Midlothian care home could be forced to close over ‘significant concerns’ about quality of care

Scotland’s care watchdog has launched legal action which could force a care home to close over safety concerns.

The Care Inspectorate said an inspection at Thornlea Nursing Home in Loanhead, Midlothian, uncovered “serious and significant concerns” about the quality of care provided.

The watchdog has now filed court paperwork seeking the cancellation of the privately-run home’s registration, which it said could allow new arrangements to be organised for residents.

A Care Inspectorate spokesman said: “An inspection has identified serious and significant concerns about the quality of care experienced by residents at Thornlea Nursing Home in Loanhead, Midlothian.

“We understand this is a difficult and distressing time for residents, their loved ones and staff at the home.

“However, our first priority is always the health and wellbeing of residents.

“Because of our concerns about the safety of residents we have submitted an application to the sheriff court seeking cancellation of the care home’s registration.

“This could allow new care arrangements to be put in place for residents of the home.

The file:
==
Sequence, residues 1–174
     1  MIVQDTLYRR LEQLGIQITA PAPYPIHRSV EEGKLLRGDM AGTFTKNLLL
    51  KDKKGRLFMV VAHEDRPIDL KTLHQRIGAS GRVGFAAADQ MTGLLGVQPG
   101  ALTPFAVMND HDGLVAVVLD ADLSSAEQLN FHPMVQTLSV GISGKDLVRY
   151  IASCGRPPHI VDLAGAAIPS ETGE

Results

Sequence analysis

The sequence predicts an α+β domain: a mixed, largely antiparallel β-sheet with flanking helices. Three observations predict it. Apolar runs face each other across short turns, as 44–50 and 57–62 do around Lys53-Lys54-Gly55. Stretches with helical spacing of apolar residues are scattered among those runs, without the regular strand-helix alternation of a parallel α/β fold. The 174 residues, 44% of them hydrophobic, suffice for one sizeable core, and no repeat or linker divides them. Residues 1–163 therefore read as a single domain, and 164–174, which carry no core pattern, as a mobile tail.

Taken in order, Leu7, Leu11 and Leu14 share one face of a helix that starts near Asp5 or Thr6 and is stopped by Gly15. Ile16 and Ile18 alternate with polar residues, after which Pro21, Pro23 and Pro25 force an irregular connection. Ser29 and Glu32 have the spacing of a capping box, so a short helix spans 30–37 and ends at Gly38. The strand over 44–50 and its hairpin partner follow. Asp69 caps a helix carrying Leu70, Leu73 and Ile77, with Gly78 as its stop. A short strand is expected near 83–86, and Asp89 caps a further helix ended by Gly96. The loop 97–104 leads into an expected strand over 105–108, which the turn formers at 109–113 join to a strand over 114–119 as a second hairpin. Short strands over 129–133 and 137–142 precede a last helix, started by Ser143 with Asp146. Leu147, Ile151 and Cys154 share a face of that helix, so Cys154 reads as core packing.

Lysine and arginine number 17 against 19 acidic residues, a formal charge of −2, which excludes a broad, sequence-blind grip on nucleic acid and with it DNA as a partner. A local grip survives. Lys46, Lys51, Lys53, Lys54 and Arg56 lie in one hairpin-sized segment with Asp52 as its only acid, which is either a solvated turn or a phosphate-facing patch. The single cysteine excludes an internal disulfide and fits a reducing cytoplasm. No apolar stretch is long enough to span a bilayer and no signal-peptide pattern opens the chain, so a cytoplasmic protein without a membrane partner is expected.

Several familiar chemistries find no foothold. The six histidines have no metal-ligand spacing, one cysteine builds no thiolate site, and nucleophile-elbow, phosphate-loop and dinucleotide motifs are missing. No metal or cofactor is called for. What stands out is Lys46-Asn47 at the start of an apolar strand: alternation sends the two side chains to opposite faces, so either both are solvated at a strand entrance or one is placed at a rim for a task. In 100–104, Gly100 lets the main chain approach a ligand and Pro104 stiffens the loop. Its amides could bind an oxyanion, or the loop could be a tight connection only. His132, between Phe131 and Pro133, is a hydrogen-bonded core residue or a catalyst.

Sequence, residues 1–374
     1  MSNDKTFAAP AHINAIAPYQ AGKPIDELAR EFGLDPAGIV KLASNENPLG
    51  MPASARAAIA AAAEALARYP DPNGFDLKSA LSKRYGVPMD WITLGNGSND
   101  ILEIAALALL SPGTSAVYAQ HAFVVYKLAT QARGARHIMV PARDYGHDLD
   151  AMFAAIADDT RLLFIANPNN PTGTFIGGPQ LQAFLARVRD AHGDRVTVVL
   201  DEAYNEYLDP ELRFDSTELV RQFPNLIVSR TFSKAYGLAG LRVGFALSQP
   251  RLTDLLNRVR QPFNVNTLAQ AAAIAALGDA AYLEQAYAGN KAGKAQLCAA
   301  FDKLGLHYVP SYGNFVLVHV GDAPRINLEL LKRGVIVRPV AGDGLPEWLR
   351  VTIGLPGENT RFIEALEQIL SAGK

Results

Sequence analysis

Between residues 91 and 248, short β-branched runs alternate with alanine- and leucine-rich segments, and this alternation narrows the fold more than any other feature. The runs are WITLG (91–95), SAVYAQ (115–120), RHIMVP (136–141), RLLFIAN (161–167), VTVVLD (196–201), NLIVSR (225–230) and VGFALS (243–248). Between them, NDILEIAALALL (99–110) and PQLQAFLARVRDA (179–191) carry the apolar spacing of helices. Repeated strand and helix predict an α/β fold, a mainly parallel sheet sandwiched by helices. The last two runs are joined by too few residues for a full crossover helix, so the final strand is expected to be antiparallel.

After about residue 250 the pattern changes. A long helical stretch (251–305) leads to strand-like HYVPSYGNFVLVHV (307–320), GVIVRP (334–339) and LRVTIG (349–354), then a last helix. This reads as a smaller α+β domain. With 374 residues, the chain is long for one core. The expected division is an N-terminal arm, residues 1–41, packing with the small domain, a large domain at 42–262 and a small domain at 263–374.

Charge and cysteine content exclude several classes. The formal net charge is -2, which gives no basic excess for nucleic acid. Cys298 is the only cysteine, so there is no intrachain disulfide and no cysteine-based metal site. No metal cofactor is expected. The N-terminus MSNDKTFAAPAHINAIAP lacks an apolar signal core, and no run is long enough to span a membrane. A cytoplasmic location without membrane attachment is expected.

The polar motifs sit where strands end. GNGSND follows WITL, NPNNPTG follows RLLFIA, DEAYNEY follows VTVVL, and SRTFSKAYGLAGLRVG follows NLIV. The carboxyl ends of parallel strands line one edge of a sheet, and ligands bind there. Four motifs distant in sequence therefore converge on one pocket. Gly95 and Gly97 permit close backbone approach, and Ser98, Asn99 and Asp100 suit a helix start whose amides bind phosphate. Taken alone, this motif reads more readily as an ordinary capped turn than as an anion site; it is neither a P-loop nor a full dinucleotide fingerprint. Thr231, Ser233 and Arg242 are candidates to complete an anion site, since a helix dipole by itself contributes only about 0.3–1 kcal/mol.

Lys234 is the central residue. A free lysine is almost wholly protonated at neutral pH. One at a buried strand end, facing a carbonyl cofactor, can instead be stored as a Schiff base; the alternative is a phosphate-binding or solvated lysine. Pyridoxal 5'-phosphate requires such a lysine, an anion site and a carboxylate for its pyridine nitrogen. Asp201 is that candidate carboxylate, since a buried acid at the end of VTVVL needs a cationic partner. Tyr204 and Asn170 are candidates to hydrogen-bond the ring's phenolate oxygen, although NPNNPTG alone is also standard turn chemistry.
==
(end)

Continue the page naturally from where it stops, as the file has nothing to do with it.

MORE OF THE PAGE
“We are working closely with partners including Midlothian Health and Social Care Partnership (HSCP) and the Scottish Government to ensure that residents experience appropriate care during this difficult time.”

Morag Barrow, Midlothian HSCP health and social care director, said it has taken “immediate action”.

She said the partnership is working with the inspectorate and NHS Lothian, adding: “Our aim is to make sure standards of care are being met by this private provider and that all appropriate measures are being taken to support residents and families.”

The application, against operators Thornlea Nursing Home Ltd, is expected to be heard at Edinburgh Sheriff Court on Tuesday.

When contacted on Thursday, the firm declined to comment.

This is the second time the inspectorate has launched court action to strip a home of its registration.

It took HC-One, operators of the Home Farm care home in Portree, Skye, to court after 10 residents died in a coronavirus outbreak, before dropping the case after improvements were made.

That home has since been bought by NHS Highland, financed by the Scottish Government.

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